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Promoting Good Governance.

ALERT: Road safety in danger… ‘lack of fuel’ preventing FRSC from reaching accident scenes

Time was about 9:30 pm; two cars collided in a ghastly accident at the busy VON junction along the Nnamdi Azikiwe International Airport Expressway in Lugbe on Thursday February 1. A policeman at the scene immediately called the Federal Road Safety Corp (FRSC) emergency telephone numbers and spoke with someone on the other end.

The nearest FRSC unit was at the Berger yard along the Lugbe expressway, less than two kilometres from the scene of the accident. The voice promised that road safety officials would soon be at the scene. But they never showed up. After waiting in vain for the FRSC officials, good Samaritans at the secene evacuated the victims, who were in a pool of blood, to some hospitals inside Lugbe.

The police officer, who spoke to the ICIR but asked not to be named, disclosed that his friend and one of the FRSC officials at the Lugbe unit told him later that they could not come for the rescue because there was no fuel in their vehicles.

Also speaking anonymously, an FRSC official at the Lugbe unit said they no longer went on patrol because of logistic challenge. He added that sometimes the staff had to use their money to fuel patrol cars because funds were sometimes not released at all or mostly infrequently released.

“The truth is that we can no longer respond to emergencies the way we used to because of lack of funds,” he revealed.

“You will hardly see our vehicles on patrol these days, we only stay at particular locations to observe traffic. Even to get to those locations sometimes we have to use our money to buy fuel or plead with some of our special marshals to help out.”

What FRSC budgeted for fuel in five years

The days may have gone when FRSC patrol vehicles were a regular feature of highways and city roads across the country. The days may also be over when men of the FRSC responded promptly to road crashes on highways or city roads.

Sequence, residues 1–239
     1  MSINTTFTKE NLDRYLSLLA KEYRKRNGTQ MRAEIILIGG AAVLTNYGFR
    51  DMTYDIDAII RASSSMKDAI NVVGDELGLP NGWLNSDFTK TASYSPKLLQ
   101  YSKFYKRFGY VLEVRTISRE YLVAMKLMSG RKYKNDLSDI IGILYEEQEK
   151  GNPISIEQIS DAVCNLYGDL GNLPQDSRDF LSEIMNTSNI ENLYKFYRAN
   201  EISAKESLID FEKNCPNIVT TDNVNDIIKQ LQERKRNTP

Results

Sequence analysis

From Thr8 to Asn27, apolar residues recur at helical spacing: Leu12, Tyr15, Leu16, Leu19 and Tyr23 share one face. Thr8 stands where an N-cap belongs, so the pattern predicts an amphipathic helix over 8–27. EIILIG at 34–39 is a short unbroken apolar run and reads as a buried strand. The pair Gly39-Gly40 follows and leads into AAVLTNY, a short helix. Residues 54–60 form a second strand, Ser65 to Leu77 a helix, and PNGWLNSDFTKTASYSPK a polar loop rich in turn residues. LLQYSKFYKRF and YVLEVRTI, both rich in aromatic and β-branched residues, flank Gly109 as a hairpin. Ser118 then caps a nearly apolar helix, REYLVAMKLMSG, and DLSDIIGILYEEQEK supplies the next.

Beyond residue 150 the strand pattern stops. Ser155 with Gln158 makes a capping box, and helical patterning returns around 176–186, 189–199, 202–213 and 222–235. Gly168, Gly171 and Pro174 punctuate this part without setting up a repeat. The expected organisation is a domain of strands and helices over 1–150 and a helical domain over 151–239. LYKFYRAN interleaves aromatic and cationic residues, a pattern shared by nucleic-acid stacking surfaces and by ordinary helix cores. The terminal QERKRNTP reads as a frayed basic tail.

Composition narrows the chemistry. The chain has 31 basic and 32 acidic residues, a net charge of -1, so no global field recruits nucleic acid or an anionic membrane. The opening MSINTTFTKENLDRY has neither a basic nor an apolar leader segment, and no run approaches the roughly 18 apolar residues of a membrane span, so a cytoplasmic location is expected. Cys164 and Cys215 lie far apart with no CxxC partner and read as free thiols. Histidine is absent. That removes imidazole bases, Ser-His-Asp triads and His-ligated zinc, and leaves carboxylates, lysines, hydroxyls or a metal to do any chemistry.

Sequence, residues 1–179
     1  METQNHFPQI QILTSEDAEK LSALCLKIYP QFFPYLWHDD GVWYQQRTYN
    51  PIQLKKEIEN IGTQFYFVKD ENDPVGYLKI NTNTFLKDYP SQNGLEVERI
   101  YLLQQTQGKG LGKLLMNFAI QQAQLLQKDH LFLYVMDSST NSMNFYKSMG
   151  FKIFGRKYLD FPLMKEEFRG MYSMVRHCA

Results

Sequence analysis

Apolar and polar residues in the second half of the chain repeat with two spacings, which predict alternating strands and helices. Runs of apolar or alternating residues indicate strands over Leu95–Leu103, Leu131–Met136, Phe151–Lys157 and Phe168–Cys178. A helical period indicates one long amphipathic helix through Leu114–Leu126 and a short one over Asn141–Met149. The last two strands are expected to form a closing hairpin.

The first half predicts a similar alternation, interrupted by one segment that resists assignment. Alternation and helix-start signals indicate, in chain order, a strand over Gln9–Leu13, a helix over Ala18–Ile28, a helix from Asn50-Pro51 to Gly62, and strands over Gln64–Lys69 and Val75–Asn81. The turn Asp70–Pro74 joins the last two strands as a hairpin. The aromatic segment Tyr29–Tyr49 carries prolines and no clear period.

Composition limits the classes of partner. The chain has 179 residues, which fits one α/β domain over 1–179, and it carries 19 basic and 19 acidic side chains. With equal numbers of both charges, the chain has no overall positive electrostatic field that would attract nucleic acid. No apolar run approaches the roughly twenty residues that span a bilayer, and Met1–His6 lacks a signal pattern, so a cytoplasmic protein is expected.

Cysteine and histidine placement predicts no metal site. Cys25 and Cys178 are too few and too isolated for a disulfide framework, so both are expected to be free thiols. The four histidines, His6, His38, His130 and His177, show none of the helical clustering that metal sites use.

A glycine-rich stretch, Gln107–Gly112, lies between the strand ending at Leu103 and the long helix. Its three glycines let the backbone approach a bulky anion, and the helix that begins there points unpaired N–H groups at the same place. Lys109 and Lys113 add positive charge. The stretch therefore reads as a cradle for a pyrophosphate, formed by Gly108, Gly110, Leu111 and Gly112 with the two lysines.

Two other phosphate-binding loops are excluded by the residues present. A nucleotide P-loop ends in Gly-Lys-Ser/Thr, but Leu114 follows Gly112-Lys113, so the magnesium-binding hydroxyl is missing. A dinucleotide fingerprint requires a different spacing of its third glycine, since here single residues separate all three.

Despite expressing commitment to meeting the goal of reducing road crashes in the country by 50 per cent by the year 2020, lack of funds for operations and logistics may hinder the FRSC from meeting this goal.

It is now common to drive from one state to another without sighting a single FRSC patrol vehicle on highway surveillance. Instead of patrolling the highways and roads on safety surveillance, patrol vehicles are now stationed at some accessible intersections.

It is no different in the Federal Capital Territory, where the headquarters of the FRSC is located. In the past, it was common to see FRSC men in their patrol vehicles driving along the Abuja-Kaduna highway to ensure road safety and prompt intervention in case of a road crash.

The same for the Abuja-Lokoja highway, which has one of the highest road traffic in the country. FRSC operatives on special duty would drive patrol vehicles to different inter-sections on the Abuja-Lokoja road while their ambulances were on designated locations on the road.

But recently, things have been looking down for the organisation, as most of its patrol vehicles have been grounded due to alleged lack of funds for maintenance. At least eight grounded patrol vehicles, including an ambulance, are parked at the premises of the FRSC headquarters in Abuja.

Although road crashes and deaths have reduced over the years, especially in recent years, this has been due largely to public enlightenment campaigns and the introduction of the speed limiter by the FRSC.